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Dysfunction of lipid sensor GPR120 leads to obesity in both mouse and human

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Abstract

Free fatty acids provide an important energy source as nutrients, and act as signalling molecules in various cellular processes1,2,3,4. Several G-protein-coupled receptors have been identified as free-fatty-acid receptors important in physiology as well as in several diseases3,5,6,7,8,9,10,11,12,13. GPR120 (also known as O3FAR1) functions as a receptor for unsaturated long-chain free fatty acids and has a critical role in various physiological homeostasis mechanisms such as adipogenesis, regulation of appetite and food preference5,6,14,15,16. Here we show that GPR120-deficient mice fed a high-fat diet develop obesity, glucose intolerance and fatty liver with decreased adipocyte differentiation and lipogenesis and enhanced hepatic lipogenesis. Insulin resistance in such mice is associated with reduced insulin signalling and enhanced inflammation in adipose tissue. In human, we show that GPR120 expression in adipose tissue is significantly higher in obese individuals than in lean controls. GPR120 exon sequencing in obese subjects reveals a deleterious non-synonymous mutation (p.R270H) that inhibits GPR120 signalling activity. Furthermore, the p.R270H variant increases the risk of obesity in European populations. Overall, this study demonstrates that the lipid sensor GPR120 has a key role in sensing dietary fat and, therefore, in the control of energy balance in both humans and rodents.

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Figure 1: Obesity, hypertrophic adipocytes, accumulation of pro-inflammatory macrophages and hepatic steatosis in HFD-fed GPR120-deficient mice.
Figure 2: Impaired glucose metabolism, adipogenesis and lipogenesis in HFD-fed GPR120-deficient mice.
Figure 3: GPR120 expression in human obese tissue samples, and effect of GPR120 variants on [Ca2+]i response and GLP-1 secretion.

Accession codes

Primary accessions

Gene Expression Omnibus

Data deposits

Microarray data have been deposited in theNCBI Gene Expression Omnibus under accession number GSE32095.

Change history

  • 28 February 2012

    The Supplementary Tables were missing from the original supplementary information file and have since been added.

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Acknowledgements

We are indebted to all subjects who participated in these studies. In Japan, the study was supported in part by research grants from the Japan Society for the Promotion of Science; the Ministry of Education, Culture, Sports, Science and Technology of Japan; the Japan Science and Technology Agency; and the Funding Program for World-Leading Innovative R&D on Science and Technology (FIRST Program), initiated by the Council for Science and Technology Policy. A.I. is a fellow of the Japan Society for the Promotion of Science. A.B. is a fellow of the EU-funded EUROCHIP consortium. In France, the study was supported by le Conseil Régional Nord Pas de Calais/FEDER and the Agence Nationale de la Recherche (Programme de Recherche en Nutrition et Alimentation, SensoFAT). The Northern Finland Birth Cohort Studies 1986 received financial support from the Academy of Finland, the University Hospital of Oulu (Finland), the University of Oulu (Finland), the European Commission (EURO-BLCS, Framework 5 award QLG1-CT-2000-01643), and the Medical Research Council (G0500539, G0600705, PrevMetSyn/SALVE). We thank the ABOS consortium and the CIC-CCPPRB (Lille CHRU) team for their help in sample handling and clinical data collection. We are grateful to M. Deweirder and F. Allegaert for human DNA bank management.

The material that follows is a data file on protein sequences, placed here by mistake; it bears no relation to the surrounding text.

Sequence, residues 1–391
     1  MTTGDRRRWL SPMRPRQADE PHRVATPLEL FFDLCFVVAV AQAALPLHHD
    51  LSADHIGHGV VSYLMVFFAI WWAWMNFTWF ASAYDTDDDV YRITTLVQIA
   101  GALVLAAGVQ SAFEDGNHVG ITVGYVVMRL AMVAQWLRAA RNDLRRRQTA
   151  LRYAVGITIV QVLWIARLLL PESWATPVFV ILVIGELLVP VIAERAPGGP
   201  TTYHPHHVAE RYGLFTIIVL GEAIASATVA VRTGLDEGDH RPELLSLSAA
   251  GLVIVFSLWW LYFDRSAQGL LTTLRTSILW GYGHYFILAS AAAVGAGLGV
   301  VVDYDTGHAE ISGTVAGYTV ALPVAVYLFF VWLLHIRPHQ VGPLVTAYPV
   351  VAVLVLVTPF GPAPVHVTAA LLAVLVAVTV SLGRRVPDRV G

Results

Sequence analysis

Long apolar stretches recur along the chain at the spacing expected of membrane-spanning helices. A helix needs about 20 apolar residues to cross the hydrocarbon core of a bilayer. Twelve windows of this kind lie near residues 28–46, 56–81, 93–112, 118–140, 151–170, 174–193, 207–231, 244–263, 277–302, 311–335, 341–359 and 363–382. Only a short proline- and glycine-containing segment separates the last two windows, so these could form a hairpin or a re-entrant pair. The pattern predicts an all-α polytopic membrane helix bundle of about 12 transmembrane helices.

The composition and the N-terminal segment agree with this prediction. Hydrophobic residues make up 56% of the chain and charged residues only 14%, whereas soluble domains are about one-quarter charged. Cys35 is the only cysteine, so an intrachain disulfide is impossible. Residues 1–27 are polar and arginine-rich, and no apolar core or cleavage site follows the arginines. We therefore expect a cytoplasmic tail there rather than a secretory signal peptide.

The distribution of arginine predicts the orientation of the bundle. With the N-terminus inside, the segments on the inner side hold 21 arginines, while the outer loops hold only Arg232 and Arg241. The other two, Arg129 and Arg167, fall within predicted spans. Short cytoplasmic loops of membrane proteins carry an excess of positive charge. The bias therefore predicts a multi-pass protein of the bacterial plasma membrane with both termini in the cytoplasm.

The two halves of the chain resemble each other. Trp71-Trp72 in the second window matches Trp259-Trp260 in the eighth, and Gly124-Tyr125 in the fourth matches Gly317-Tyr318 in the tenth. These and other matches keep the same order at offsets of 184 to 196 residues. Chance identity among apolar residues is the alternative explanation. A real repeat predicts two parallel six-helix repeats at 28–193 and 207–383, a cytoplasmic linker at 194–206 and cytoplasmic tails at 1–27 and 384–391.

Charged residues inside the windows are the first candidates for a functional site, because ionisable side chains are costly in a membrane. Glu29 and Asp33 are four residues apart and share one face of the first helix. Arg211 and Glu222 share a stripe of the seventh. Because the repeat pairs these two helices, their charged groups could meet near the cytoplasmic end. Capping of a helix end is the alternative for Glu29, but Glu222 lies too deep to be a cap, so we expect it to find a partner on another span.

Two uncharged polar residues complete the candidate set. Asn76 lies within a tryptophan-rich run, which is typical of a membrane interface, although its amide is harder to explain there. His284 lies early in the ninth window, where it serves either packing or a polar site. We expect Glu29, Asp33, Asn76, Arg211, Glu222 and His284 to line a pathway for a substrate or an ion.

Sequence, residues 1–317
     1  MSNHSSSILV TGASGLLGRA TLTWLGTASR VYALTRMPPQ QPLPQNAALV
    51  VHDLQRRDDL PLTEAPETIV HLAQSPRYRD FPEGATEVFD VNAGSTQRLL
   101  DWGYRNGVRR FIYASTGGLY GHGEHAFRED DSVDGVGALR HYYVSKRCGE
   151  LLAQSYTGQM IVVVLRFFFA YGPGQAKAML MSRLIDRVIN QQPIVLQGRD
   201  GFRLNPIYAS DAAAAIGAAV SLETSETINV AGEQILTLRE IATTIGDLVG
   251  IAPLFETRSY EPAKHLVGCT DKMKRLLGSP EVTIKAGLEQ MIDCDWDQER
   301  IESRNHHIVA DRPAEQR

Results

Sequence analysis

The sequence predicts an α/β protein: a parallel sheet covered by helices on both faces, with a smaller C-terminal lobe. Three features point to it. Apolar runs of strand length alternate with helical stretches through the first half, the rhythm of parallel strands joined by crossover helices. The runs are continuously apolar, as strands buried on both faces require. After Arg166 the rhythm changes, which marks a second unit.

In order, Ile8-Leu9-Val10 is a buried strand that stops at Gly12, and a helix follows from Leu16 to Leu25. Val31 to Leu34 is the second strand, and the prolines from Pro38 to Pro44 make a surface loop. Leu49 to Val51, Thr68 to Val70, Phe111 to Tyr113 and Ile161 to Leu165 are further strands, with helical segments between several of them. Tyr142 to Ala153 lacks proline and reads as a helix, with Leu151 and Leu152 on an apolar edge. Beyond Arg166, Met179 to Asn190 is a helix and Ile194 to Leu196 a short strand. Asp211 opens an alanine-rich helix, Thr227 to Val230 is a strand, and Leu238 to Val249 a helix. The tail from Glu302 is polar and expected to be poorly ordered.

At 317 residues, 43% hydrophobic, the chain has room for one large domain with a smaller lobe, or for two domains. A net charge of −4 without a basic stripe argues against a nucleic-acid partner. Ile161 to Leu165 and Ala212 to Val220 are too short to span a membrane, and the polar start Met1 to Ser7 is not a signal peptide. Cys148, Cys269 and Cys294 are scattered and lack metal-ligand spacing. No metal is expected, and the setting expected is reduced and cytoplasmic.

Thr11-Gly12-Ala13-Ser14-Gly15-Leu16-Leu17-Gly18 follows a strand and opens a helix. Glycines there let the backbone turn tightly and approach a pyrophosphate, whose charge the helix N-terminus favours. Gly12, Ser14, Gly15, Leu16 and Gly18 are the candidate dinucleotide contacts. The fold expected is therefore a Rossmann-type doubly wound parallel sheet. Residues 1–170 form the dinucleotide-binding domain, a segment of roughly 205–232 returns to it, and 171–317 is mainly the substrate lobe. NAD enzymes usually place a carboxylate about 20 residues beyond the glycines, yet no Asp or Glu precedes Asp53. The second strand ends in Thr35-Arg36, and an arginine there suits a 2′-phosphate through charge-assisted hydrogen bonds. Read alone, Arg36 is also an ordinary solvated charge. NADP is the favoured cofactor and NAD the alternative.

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Authors and Affiliations

Authors

Contributions

A.I., A. Hirasawa, O.P.-G. and A.B. are equally contributing first authors. G.T. and P.F. had the ideas for the mouse and human projects, respectively. A.I., A. Hirasawa, A.B., P.F. and G.T. drafted the manuscript. O.P.-G., H.C., D.M. and I.W. edited the manuscript and contributed to discussions. A. Hirasawa and G.T. designed the mouse research. A.I., A. Hirasawa, K.I. and G.T. created Gpr120-mutant mice. A.I., A. Hirasawa, A. Körner, T.H., I.K., T.-a.K., K.A., M. Takeuchi, K.O., N.L. and G.T. conducted biochemical and histochemical analyses for the mouse study. A.I. and A. Hirasawa performed bioinformatic analysis for the mouse study. L.Y. and C.L. performed the statistical analyses, and A.B. contributed to statistical analyses for the human study. O.P.-G. and I.W. designed the human expression gene study. A.L. performed the human expression gene study. H.C. and S.V. performed GPR120 sequencing and variant genotyping, respectively. P.B., M. Tauber, C.M., A.M., R.B., P.E., M.-R.J., W.V.H., L.V.G., F.H., B.B., C.L.-M., K.R., A. Kouvatsi and F.P. contributed to cohort-study samples and researched data.

Corresponding authors

Correspondence to Gozoh Tsujimoto or Philippe Froguel.

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The authors declare no competing financial interests.

Supplementary information

Supplementary Information

This file contains Supplementary Figures 1-7 with legends and Supplementary Tables 1-7. The Supplementary Tables were missing from the original file posted on line and were added on 28 February 2012. (PDF 2380 kb)

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Ichimura, A., Hirasawa, A., Poulain-Godefroy, O. et al. Dysfunction of lipid sensor GPR120 leads to obesity in both mouse and human. Nature 483, 350–354 (2012). https://doi.org/10.1038/nature10798

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